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Forest Diversity and Structure in the Amazonian Mountain Ranges of Southeastern Ecuador

Departamento de Ciencias de la Vida, Universidad Estatal Amazónica sede El Pangui, El Pangui, Zamora-Chinchipe 190401, Ecuador
Departamento of Ciencias Biológicas, Universidad Técnica Particular de Loja, San Cayetano Alto s/n, Loja 1101608, Ecuador
Herbario CUZ, Universidad Nacional de San Antonio Abad del Cusco (UNSAAC), Prolongación Av. De la Cultura 733, Cusco 08000, Peru
Real Jardín Botánico de Madrid, Plaza de Murillo, 2, 28014 Madrid, Spain
Authors to whom correspondence should be addressed.
These authors contributed equally to this paper as co-senior authors.
Diversity 2019, 11(10), 196;
Received: 15 September 2019 / Revised: 10 October 2019 / Accepted: 11 October 2019 / Published: 17 October 2019
We analyze the structure of diameter, richness, and diversity of the forests in the upper limit of the great Amazon basin located in the Ecuadorian territory of the Cordilleras del Cóndor and Cutucú. Our hypothesis was that the forests of the eastern mountain ranges are not homogeneous, but rather present differences in their structure, richness, and floristic diversity. Our main objective was to classify the types of forests based on the characteristics of the diameter structure and the species composition of the Amazonian forests of the eastern mountain ranges in southern Ecuador, and we determined the influence of critical edaphic, environmental, and geomorphological factors, For this we installed eight permanent plots of one hectare in homogeneous and well preserved forest stands, four plots in the province of Zamora Chinchipe and four in the province of Morona Santiago. We identified and measured all trees >10 cm at chest height and for each plot, soil samples, as well as environmental and slope data were taken. We performed an non-metric multidimensional scaling analysis (NMDS) analysis to evaluate changes in climatic and geomorphological gradients, and used the CCA analysis to assess the relationship between the composition of the species at the plot level and the edapho-climatic variables. Finally, we modeled the change in diversity ad species (Fisher’s alpha) in relation to climatic, altitudinal, and geomorphological gradients using a GLM. We determined the existence of two different types of forest, the first called Terra Firme, characterized by the presence of a greater number of species and individuals per plot as compared to the second type of forest called Tepuy or Sandstone forest. Species richness was negatively correlated with the phosphorus content of the soil and the pH, annual average temperature, annual rainfall, and altitude. Terra Firme forests, settled in more stable and nutrient-rich climatic areas, were more diverse and Sandstone forests are poor in nutrients and develop in areas with greater seasonality. View Full-Text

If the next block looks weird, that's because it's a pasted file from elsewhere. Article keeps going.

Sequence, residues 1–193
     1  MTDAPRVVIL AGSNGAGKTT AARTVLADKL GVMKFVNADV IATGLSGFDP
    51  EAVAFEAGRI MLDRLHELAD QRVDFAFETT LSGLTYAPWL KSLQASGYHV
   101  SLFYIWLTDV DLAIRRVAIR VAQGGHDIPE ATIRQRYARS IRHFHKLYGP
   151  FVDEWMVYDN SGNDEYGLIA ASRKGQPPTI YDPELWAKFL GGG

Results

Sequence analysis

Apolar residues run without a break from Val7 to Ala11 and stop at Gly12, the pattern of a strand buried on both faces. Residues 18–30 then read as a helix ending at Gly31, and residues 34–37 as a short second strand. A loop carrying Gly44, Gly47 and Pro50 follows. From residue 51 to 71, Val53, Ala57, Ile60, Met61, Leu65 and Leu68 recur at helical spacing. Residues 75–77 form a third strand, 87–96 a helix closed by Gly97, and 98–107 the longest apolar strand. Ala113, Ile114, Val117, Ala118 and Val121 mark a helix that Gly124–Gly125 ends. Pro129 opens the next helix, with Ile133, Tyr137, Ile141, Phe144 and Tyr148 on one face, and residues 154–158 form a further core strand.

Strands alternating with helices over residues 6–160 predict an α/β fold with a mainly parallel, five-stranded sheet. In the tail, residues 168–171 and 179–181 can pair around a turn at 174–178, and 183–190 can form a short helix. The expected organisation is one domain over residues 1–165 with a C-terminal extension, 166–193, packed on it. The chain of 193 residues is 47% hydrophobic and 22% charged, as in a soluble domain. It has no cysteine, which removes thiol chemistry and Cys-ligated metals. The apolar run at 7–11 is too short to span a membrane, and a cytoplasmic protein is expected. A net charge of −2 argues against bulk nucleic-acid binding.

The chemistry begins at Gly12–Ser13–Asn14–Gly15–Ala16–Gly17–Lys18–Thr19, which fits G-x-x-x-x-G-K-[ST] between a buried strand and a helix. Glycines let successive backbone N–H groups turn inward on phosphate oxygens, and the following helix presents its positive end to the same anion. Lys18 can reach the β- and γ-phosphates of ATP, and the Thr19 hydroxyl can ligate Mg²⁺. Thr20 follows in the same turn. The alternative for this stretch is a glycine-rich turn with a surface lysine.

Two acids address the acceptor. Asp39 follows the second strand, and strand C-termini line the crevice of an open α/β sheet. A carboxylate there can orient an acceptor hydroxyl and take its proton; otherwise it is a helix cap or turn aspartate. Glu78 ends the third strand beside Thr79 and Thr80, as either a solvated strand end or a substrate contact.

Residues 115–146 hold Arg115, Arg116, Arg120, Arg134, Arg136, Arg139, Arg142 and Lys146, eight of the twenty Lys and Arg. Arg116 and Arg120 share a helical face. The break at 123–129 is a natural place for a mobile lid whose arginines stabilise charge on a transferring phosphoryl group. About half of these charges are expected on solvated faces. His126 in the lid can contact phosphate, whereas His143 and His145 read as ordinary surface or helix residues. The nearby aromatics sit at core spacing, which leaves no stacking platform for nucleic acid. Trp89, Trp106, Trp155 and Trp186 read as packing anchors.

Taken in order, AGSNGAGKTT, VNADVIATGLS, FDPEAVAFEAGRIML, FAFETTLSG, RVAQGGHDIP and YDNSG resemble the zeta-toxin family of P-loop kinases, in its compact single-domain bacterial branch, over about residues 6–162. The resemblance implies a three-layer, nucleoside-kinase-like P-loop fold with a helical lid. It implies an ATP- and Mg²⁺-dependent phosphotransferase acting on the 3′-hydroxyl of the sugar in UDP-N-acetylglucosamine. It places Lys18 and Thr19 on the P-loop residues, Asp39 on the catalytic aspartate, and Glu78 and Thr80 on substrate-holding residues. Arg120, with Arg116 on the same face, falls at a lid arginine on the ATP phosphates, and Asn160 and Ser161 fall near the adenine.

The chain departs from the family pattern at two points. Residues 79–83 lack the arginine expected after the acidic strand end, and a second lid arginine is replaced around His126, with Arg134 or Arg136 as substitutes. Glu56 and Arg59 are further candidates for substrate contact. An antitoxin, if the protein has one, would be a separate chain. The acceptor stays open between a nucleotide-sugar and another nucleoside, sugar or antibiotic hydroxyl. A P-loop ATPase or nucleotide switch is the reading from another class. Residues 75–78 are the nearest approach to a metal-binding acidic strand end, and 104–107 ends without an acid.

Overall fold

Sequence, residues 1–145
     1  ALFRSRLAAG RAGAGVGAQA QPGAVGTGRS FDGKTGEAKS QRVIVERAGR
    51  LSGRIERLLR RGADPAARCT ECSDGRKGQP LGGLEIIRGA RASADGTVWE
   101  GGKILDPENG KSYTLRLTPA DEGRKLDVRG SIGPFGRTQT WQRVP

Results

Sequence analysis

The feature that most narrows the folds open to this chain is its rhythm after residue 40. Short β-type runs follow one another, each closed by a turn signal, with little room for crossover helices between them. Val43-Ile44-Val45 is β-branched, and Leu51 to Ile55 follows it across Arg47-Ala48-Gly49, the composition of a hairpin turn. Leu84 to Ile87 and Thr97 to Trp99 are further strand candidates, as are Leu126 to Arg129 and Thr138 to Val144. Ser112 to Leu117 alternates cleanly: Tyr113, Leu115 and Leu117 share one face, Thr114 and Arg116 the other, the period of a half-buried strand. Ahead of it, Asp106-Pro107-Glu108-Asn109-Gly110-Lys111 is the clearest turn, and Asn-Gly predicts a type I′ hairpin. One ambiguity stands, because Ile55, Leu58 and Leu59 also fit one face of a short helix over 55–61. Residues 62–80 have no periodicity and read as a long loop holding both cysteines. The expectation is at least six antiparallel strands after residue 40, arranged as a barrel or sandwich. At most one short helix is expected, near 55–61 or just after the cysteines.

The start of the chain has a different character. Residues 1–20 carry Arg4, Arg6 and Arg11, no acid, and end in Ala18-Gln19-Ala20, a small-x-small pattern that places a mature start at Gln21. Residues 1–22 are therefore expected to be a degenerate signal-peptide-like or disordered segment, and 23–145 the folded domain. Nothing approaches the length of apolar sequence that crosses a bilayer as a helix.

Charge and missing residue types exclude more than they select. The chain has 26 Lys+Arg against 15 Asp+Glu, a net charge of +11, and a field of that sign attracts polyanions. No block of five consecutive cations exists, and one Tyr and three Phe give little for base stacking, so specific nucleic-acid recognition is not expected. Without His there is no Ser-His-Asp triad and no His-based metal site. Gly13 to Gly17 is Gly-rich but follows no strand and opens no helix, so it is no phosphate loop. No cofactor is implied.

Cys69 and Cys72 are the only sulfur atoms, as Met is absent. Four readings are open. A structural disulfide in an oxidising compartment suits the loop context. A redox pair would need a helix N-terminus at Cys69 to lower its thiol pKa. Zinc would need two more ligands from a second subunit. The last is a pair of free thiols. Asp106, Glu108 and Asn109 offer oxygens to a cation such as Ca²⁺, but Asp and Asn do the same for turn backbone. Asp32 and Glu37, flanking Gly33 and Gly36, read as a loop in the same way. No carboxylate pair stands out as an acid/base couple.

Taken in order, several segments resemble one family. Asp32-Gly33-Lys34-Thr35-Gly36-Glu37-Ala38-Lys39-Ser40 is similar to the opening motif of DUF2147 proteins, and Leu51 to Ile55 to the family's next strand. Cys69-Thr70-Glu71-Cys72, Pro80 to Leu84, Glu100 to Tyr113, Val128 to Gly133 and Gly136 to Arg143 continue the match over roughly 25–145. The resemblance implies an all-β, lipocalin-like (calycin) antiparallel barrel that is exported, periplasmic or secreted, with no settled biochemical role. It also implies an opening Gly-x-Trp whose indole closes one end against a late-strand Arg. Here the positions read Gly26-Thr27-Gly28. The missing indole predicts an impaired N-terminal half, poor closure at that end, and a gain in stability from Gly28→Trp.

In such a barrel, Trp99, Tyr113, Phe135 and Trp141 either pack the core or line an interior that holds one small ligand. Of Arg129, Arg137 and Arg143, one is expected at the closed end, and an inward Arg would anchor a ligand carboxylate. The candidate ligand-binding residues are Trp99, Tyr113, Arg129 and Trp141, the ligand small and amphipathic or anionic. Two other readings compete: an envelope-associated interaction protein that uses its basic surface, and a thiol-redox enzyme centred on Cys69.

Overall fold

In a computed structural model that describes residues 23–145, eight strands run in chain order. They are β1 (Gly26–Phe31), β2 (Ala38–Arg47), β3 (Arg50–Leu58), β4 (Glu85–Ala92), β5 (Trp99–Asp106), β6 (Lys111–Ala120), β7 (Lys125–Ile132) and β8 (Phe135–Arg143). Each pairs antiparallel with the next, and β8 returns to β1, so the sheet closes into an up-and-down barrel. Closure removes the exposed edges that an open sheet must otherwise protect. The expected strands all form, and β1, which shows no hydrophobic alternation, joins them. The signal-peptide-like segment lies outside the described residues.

Keywords: alpha diversity; canonical correspondence; NMDS; Sandstone forests; Terra firme forests alpha diversity; canonical correspondence; NMDS; Sandstone forests; Terra firme forests
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Quizhpe, W.; Benítez, Á.; Cuenca, K.; Uvidia, H.; Huamantupa, I.; Muñoz, J.; Cabrera, O. Forest Diversity and Structure in the Amazonian Mountain Ranges of Southeastern Ecuador. Diversity 2019, 11, 196.

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